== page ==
May 17th, 2012 | Martin Cizmar Features |

Stumptown 40: Winning the Race for Equality

Adult pinewood derby champ dedicates win to gay scouts.

stumptown-winnerThe winner of the Stumptown 40.

The winner of Portland's adult pinewood derby had a victory speech.

"This trophy is for all the gay Boy Scouts—EVER!" Nic Peteresen said as he hoisted his award.

It was a nice way to end a long night of racing as the Stumptown 40 rolled through Spirit of '77. Miniature cars built from kits that include a block of wood, four nails and four plastic wheels race down a ramp two at a time in the race.

"When I was a kid and making my first pinewood cars I made glaring aesthetic choices over speed. I wanted to do it right—prove I could win with speed and physics and logic... My early car was a blue metallic shark shape—and it was a snail—but this car was streamlined wind. I made my 7-year-old self proud," Peteresen says. "The best part of the night was raising the trophy... and a bar full of brodudes cheering. Like, woah. I felt strong holding my first trophy for anything ever."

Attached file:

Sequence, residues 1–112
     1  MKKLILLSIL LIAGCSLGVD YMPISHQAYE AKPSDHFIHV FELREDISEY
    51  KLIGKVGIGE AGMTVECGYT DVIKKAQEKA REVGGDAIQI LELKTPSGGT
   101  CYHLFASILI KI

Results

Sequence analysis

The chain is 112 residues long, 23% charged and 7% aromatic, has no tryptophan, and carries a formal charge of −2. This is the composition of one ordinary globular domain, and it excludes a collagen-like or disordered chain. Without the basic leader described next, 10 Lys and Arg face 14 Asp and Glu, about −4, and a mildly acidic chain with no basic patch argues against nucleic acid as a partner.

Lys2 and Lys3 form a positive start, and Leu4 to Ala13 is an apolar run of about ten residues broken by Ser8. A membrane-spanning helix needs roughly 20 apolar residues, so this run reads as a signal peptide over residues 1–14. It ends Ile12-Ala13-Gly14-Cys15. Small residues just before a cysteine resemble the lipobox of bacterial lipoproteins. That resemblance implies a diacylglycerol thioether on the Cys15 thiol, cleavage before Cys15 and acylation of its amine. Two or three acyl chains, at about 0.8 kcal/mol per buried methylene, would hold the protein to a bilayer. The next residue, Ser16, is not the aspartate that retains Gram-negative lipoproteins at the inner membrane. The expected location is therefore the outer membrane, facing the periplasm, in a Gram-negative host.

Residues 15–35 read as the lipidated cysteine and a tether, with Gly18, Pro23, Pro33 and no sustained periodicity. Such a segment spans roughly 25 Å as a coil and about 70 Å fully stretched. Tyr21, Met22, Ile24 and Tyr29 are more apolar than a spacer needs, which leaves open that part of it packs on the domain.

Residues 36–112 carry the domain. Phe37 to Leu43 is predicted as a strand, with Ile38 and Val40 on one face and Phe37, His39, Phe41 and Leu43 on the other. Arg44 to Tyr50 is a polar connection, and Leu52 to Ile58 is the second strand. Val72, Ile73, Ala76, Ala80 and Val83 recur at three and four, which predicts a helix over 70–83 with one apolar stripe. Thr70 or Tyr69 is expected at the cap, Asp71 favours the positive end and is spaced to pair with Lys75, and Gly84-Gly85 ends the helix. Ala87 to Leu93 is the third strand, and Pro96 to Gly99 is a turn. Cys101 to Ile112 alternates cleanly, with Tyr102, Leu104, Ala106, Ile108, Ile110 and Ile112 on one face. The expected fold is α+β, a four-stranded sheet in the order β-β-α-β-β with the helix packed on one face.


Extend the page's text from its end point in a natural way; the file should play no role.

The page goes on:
The derby is a Cub Scout tradition, begun by a Scoutmaster bummed his kid was too young to build and race the bigger Soapbox Derby cars adult Portlanders are very familiar with. Gays were banned from Scouting in 1991.

The Stumptown race, which benefits Southeast's arts-focused Buckman Elementary, is, of course, as much about interesting design as speed. Competitors included a Greg Oden car built so the wheels fell off as it rolled down the track, a giant clothes pin and a rocket-riding monkey. And, of course, our WW Subaru of Portland cliches, which beat local designer Sho Ito in its first race before losing by a hare to Mason West's deceptively-speedy bunnymobile.

In its third year, the race doubled competitors to 80. Some spectators were turned away at the door after '77, a sports bar across from the Rose Garden, reached capacity. Cofounder Dave Selden says the field will keep growing.

"We were prepared for mayhem— it takes a lot of time to race 80 cars when it's a double-elimination tourney. There were a few hiccups—all those damn nerds stealing our wifi connection, slowing the bracket software down—but all in all, it was a great time," he says. "The quality and creativity of the cars produced always blows my mind. I loved the DeLorean, the Neapolitan Ice Cream Sandwich ... and of course the constantly breaking-down Greg Oden car. So awesome. We'll definitely do it again next year, ONLY WITH A MILLION CARS."

Look through a gallery of cars from this year at the Stumptown site.

 
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